The city of Wuhan in the Hubei province of China where the global coronavirus or COVID-19 pandemic started is still testing the residents regularly even though the two-month lockdown has been relaxed, as the country is worried about a rebound in cases as it sets its sight to normalise the economy.
The concerns are there over an influx of patients who have come from overseas as well as China's ability to detect asymptomatic cases while the government is continuously reassuring the public.
Feng Jing, who runs a group of community workers looking after the Tanhualin neighbourhood in Wuhan, said during a government-run tour for journalists on Friday that they would continue to carry out extensive checks on residents. "We carry out comprehensive health checks everyday and keep detailed records of their health condition," she said, adding that there is no likelihood of asymptomatic cases in her community.
Wuhan to continue testing
"Currently our neighbourhood is an epidemic-free community - it's been 45 days so far, so we don't have this situation," she said. China reported a fall in new coronavirus cases on Friday after leaders promised to accelerate the country's economic recovery, boost domestic demand and put more people back to work.
The country reported 42 new cases on Thursday, down from 63 a day earlier. Of the daily total, 38 were imported, down from 61 on Wednesday. China's central government coronavirus taskforce chaired by Premier Li Keqiang said on Thursday that they would speed up efforts to revive the economy while at the same time introducing targeted measures aimed at preventing infected people from crossing the country's border.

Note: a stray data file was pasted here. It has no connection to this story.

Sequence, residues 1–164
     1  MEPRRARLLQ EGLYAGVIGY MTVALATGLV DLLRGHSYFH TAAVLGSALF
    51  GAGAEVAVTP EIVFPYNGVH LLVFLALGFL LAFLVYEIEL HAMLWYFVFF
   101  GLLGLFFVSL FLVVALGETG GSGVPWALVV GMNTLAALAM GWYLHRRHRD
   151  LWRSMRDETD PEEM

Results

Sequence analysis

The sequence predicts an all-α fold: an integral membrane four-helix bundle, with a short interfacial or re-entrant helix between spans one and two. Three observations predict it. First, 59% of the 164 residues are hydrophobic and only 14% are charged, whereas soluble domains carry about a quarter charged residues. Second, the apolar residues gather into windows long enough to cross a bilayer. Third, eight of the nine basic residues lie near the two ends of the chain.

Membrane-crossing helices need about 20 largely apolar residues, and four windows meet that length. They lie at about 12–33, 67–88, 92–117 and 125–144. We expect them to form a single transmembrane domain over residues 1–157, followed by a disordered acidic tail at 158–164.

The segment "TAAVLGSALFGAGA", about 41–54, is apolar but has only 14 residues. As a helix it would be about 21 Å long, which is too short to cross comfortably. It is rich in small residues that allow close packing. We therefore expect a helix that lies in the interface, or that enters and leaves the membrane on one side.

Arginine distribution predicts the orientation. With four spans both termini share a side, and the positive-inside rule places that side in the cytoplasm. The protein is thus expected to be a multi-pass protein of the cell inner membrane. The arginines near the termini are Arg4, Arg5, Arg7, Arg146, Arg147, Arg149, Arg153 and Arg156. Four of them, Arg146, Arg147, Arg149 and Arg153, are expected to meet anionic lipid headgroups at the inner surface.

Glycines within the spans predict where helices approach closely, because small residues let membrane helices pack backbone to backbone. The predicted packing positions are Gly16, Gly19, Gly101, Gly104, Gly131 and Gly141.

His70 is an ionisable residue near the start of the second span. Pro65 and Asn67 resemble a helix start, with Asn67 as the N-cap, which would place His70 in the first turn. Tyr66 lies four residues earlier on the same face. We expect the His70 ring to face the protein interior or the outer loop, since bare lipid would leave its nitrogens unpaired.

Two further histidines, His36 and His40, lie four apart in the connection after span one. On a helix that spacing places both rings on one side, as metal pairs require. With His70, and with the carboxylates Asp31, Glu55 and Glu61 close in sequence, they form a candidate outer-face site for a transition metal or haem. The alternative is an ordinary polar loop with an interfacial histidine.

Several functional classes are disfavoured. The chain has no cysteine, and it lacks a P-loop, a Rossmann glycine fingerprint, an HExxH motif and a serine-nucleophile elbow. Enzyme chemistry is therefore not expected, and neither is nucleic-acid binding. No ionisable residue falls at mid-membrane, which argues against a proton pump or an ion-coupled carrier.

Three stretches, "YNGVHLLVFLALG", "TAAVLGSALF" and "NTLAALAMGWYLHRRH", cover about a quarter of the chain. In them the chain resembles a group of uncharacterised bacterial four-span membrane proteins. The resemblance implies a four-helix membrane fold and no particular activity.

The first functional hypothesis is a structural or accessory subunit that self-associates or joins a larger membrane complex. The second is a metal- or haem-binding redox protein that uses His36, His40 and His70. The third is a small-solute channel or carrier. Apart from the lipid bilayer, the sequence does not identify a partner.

It said China now needed to "actively create favourable conditions" to restore normality in the economy, though it warned there was still a risk of a rebound in cases. In Shanghai, state media have also been deployed to dispel online rumours that the city has now become "the most dangerous place in the country" as thousands of people flood in from Wuhan, including many asymptomatic and recovered patients.
Government is promising to deploy resources to tackle high-risk areas
With the government now promising to deploy resources to tackle high-risk areas, much of the focus has shifted to Heilongjiang, which reported 28 new imported cases crossing the border from Russia on Thursday. The province has so far found 154 cases of imported infections. The virus, which first broke out in Wuhan in late 2019, has since spread around the world infecting more than 1.4 million people, killing more than 87,700.
Officials in Wuhan said on Friday the city will spend 200 million yuan ($28.4 million) to upgrade the city's 425 farmers' markets, as part of a campaign to improve hygiene. Several of the early cases of Covid-19 were linked to a seafood market in Wuhan that also sold other species, suggesting that the new virus may have jumped from an animal traded there to people.
"Once reopened, the farmers markets should ensure no trade in wild animals and no trade in live poultry," Hong Zhihua, vice director of Hubei's Patriotic Health Campaign Committee Office, told a press briefing. Liu Qingxiang, vice director at Wuhan's health commission, said infrastructure in the markets would be improved and become more similar to supermarkets. The pandemic has wreaked havoc on the global economy as governments imposed lockdowns to rein in its spread.
(With agency inputs)